When filmmakers first release their movies to theaters, it’s not always in the form they would prefer. Studio mandates, public taste, and rights issues can transform an all-time classic film into something mediocre by the time it’s reedited. Fortunately, the rise of video streaming has allowed many of the better director's cuts to come to light.
Lots of director’s cuts are undeniably better than their theatrical versions. Extra scenes and added creative freedom can truly improve a film, regardless of how good it was in the first place. Plus, since the public has already reacted to the theatrical version, it's possible for creators to respond to criticism by fixing plot holes the second time around.
When it’s director’s cut vs. theatrical version, which comes out on top? Which director’s cuts are better than the versions first seen by the public? While the answers to all of these questions are up for debate, a few director's cuts stand tall above the rest by keeping the best parts of their theatrical cuts while including much-appreciated bonus material.
Director Richard Donner shot about 75% of Superman II before taking a break to edit the first movie. He was subsequently fired due to tensions with producers Alexander and Ilya Salkind. Richard Lester took over as director and reshot much of Donner’s footage, replacing it with sillier, more comedic moments. Decades later, Donner finally got a chance to restore as much of his version of Superman II as possible for a special DVD release.
Critics and audiences viewed the Donner cut as a much more epic and emotionally involved movie. Apart from omitting goofy moments, the Donner cut restores many scenes with Lois Lane, Lex Luthor, and Jor-El. Donner thought including the Jor-El scenes was critical to tie up the father-son story arc between the two movies.
Three years after the movie's theatrical release, Troy director Wolfgang Petersen got a chance to reinstate scenes that were removed. The restored moments are more explicitly raunchy and violent. This is particularly evident in the Greek sacking of Troy, which make the Trojan characters appear more sympathetic than in the theatrical version.
The additional scenes also help build the characters of Priam, Paris, and especially Odysseus, who finally gets a proper introduction into the movie’s story.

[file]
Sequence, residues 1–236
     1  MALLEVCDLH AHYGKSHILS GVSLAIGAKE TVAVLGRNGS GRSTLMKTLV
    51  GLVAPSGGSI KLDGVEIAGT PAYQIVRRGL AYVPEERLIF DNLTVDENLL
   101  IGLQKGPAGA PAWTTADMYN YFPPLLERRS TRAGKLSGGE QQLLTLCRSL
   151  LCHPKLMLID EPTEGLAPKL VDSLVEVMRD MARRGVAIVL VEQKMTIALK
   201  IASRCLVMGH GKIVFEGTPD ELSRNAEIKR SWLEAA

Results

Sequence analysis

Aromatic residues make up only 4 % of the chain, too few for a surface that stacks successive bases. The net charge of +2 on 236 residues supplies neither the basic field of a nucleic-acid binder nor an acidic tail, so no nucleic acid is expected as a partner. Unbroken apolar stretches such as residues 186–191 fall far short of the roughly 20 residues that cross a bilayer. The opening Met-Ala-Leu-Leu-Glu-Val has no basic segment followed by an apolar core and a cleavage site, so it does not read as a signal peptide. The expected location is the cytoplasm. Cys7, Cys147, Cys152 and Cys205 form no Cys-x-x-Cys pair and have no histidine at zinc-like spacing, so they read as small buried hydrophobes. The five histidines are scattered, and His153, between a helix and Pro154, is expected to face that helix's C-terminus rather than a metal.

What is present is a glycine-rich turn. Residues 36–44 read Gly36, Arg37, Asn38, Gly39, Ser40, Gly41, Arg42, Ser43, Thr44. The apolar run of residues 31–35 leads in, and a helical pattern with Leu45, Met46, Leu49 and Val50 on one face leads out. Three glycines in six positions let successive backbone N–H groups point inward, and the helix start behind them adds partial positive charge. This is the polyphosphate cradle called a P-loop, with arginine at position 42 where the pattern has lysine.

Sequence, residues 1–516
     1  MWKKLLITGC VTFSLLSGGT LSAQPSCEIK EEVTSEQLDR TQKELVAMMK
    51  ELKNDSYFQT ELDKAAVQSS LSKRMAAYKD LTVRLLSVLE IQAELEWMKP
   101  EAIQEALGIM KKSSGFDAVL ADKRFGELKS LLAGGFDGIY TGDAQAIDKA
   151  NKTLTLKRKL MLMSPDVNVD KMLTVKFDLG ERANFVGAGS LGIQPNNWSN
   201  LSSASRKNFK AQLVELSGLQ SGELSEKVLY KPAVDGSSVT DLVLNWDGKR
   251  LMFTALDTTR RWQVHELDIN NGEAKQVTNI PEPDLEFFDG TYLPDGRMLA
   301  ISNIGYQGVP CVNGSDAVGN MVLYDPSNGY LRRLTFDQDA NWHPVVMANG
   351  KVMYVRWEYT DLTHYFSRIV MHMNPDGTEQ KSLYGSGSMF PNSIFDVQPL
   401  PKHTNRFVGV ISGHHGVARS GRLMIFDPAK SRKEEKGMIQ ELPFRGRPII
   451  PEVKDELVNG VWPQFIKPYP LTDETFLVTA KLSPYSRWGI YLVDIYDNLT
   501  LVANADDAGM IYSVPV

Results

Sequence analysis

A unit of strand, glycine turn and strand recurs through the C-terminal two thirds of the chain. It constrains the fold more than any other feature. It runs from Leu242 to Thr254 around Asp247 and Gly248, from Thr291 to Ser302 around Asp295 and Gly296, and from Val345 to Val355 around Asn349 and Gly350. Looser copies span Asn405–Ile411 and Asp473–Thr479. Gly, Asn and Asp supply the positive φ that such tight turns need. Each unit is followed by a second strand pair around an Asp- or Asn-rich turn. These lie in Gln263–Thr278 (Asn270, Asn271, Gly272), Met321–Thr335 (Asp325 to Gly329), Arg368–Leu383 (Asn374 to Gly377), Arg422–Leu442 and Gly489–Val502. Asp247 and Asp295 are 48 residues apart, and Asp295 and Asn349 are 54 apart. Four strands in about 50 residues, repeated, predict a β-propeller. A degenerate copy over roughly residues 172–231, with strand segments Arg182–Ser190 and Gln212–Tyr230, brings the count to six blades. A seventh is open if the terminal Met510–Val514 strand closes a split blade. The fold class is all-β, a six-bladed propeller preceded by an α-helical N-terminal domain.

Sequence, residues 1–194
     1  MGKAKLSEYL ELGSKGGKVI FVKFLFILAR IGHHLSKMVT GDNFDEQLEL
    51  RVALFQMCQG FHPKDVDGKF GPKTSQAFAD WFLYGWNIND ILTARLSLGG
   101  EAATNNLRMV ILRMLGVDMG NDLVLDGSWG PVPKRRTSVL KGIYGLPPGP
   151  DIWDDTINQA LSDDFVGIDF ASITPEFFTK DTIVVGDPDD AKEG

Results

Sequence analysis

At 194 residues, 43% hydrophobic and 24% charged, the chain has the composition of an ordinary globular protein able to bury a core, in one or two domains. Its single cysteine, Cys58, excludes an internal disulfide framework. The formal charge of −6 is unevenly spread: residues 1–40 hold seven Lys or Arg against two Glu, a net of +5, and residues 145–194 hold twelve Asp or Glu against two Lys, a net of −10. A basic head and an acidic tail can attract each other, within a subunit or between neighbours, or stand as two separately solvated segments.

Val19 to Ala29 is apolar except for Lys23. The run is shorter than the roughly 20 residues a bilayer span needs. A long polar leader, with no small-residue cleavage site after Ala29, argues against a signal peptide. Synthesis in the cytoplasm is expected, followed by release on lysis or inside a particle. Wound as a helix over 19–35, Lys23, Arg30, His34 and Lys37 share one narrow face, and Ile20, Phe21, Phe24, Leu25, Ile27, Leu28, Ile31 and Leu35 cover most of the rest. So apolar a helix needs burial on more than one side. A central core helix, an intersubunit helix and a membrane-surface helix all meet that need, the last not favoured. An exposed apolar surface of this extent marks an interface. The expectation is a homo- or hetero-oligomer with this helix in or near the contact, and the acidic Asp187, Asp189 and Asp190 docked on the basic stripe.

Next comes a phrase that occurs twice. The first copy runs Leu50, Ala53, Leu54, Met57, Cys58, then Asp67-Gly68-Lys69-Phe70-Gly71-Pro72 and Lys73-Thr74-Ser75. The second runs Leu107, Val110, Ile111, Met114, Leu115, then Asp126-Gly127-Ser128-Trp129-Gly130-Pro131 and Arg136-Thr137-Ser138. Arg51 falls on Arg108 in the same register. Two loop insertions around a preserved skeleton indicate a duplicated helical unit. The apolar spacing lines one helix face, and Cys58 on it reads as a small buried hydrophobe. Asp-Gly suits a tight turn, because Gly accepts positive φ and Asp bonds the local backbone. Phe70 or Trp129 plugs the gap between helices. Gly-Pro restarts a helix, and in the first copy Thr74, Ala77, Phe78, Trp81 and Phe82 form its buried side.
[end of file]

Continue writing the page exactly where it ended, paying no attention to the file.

Shortly before the release of Kingdom of Heaven, Fox got nervous about the runtime and forced director Ridley Scott to cut 45 minutes from the movie. The complex story suffered; thus, both audiences and critics gave the flick mixed responses. Fox decided to release Scott’s director’s cut on DVD - this version was hailed as a much better film.
The additional scenes give context to the story of religious strife and enhance the characters of Balian and Godfrey. They also include graphic scenes that would have given the movie an NC-17 rating. Mainly, though, the added content pertains to Sibylla, who gets transformed from a hollow romantic interest to a complex, tragic figure struggling with the effects leprosy has had on her family.
Many critics hail the director’s cut of Donnie Darko - which has become more controversial over time - as having a more satisfying story than the theatrical version. Given the chance to recut the flick, director Richard Kelly added more clarity to the story while keeping a shroud of dark mystery over the proceedings.
Most notably, the director’s cut shows text from the Philosophy of Time Travel book, which is largely unexplained in the theatrical version. It also deepens Donnie’s relationships with his family and Karen Pomeroy via extra scenes showing their interactions. On top of this, Kelly pushed the “Killing Moon” opening song to play later in the film, replacing it with “Never Tear Us Apart” as he had originally intended.